DOVER, Del. — Insurance companies challenging the Boy Scouts of America’s bankruptcy plan argued Thursday that it “eviscerates” their defense rights under policies they issued and would mean grossly inflated payments of sexual abuse claims, including tens of thousands otherwise barred by the passage of time.
The arguments came on the second day of closing arguments before a Delaware judge who must decide whether to approve the reorganization plan the BSA has negotiated to compensate tens of thousands of men who say they were sexually abused as children in Scouting, while allowing the Boy Scouts to continue as an ongoing enterprise.
The Boy Scouts, based in Irving, Texas, petitioned for bankruptcy protection in February 2020, seeking to halt hundreds of individual lawsuits and create a settlement trust for abuse victims. Although the organization faced about 275 lawsuits at the time, more than 82,000 sexual abuse claims have been filed in the bankruptcy case.
The reorganization plan calls for the Boys Scouts and its 250 local councils, along with settling insurance companies and troop sponsoring organizations, to contribute some $2.6 billion in cash and property and assign their insurance rights to a settlement trust fund for abuse victims. More than half that money would come from the BSA’s two largest insurers, Century Indemnity Co. and The Hartford. Those companies would contribute $800 million and $787 million, respectively.
In exchange for those contributions, those parties would be released from further liability for sexual abuse claims dating back decades.
But several other insurance companies, many that issued excess coverage polices to the BSA, are opposing the plan. They argue, among other things, that the proposed “base matrix,” or starting claim values for various types of abuse — ranging from penetration to abuse not involving physical contact — are not consistent with the BSA’s pre-bankruptcy abuse settlements and litigation results, as the Boy Scouts and plan supporters contend.
Richard Doren, an attorney for non-settling insurers, noted Thursday that the BSA’s own expert found that the average pre-bankruptcy settlement value for a penetration claim involving a one-time abuser was $212,500, and that about 90% of penetration claim settlements before the bankruptcy were for $300,000 or less.
Nevertheless, the BSA expert, Charles Bates, has estimated the value of a penetration claim in the bankruptcy case to be between $600,000 and $2.7 million.
“The base matrix amounts are inflated across the board and have no basis in reality,” Doren said.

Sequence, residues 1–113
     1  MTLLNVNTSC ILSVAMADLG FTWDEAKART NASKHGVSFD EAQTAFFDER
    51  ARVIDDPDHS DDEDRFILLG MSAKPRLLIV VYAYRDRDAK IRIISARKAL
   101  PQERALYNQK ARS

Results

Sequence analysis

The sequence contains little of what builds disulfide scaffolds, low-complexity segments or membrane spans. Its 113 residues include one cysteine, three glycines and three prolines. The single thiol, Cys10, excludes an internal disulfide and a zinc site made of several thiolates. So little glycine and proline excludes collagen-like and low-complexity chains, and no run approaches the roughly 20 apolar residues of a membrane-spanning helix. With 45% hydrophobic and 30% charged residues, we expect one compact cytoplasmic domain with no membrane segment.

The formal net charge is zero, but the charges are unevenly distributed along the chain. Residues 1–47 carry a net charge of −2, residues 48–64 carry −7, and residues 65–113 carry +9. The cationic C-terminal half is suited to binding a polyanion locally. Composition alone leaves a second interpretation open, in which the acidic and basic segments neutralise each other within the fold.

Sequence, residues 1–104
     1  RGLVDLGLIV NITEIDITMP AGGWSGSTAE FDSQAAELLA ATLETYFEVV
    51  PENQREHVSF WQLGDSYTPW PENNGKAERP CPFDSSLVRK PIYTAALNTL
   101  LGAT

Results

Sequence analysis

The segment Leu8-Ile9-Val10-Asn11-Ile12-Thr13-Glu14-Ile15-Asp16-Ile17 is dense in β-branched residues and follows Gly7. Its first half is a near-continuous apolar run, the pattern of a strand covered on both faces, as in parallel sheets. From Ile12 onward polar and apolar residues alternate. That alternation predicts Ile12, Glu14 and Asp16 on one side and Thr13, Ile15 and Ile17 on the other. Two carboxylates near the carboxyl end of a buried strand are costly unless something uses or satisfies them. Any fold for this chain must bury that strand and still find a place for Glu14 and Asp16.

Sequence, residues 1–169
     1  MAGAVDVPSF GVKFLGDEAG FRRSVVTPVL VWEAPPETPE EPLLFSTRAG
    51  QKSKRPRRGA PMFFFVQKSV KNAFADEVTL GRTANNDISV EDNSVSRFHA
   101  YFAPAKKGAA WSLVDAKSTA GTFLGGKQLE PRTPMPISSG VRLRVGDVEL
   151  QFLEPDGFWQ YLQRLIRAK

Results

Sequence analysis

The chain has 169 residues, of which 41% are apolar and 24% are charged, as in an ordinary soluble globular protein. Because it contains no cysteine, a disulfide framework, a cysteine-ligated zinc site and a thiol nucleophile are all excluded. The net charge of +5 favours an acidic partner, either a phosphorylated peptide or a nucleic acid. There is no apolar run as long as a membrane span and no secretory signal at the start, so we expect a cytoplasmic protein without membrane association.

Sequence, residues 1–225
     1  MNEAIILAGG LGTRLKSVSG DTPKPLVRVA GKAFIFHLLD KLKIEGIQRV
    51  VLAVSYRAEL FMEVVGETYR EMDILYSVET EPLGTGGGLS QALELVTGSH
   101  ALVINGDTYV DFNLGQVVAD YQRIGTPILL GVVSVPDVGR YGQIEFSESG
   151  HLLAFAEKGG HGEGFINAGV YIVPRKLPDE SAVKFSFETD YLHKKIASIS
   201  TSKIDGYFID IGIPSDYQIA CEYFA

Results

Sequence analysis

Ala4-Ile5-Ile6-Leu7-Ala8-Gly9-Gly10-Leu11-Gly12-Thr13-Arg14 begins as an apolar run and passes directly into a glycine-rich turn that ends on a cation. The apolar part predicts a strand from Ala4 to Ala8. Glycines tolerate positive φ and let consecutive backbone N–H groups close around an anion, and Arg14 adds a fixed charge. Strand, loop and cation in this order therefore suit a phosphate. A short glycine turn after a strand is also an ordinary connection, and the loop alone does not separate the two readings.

Doren noted that Bates has testified that the base matrix assumes a high degree of institutional responsibility by the BSA that would not be present in single-victim abuser claims. Bates concluded that about 87% of the claims involve allegations of a single abuser, and should be discounted by an average of 90%, Doren said. Such a discount would result in a typical value for a single-abuser penetration claim of $60,000, not $600,000.
The opposing insurers also take exception to the trust distribution procedures, or TDPs, for evaluating and paying claims, and the findings that the BSA and plan supporters are asking the judge to make. They fear that the procedures and findings would result in individual awards that would be binding on insurers and would set a precedent that tort lawyers would use to their advantage in future coverage litigation and try to extend to other court cases.
“This idea of binding TDPs or litigated TDPs is a ‘Holy Grail’ that the mass tort lawyers have been chasing for many years, and it has never been approved,” Doren said, quoting from a July 2021 email sent by a claimants attorney who opposed a previous version of the BSA’s plan but supports the current version.
“In this case, your honor, the claimants groups are in fact pursuing that Holy Grail, with an assist from the debtors,” Doren said. “The plan before this court fails to properly preserve the certain insurers’ contractual rights and in fact contains unnecessary and prejudicial findings.”
Judge Laura Selber Silverstein has herself repeatedly questioned plan supporters on what provisions of the bankruptcy code would apply to the findings they want her to make.
Among those requested findings is that the plan was proposed in good faith, and that the procedures for compensating victims provide for a fair and equitable settlement of their claims. The BSA and plan supportes also want Silverstein to find that the proposed starting claim values for various types of abuse — ranging from penetration to abuse involving no physical contact — are based on, and consistent with, the BSA’s pre-bankruptcy abuse settlements and litigation results.
“I’ve never had a confirmation hearing that had these kinds of contested findings in them,” Silverstein said near the end of Thursday’s hearing. ”…. It runs contrary to the way I normally make findings, which is hear the evidence and I make the findings based on the evidence I hear. Nobody tells me what findings to make.”
Closing arguments resume Monday.
Randall Chase reports for The Associated Press.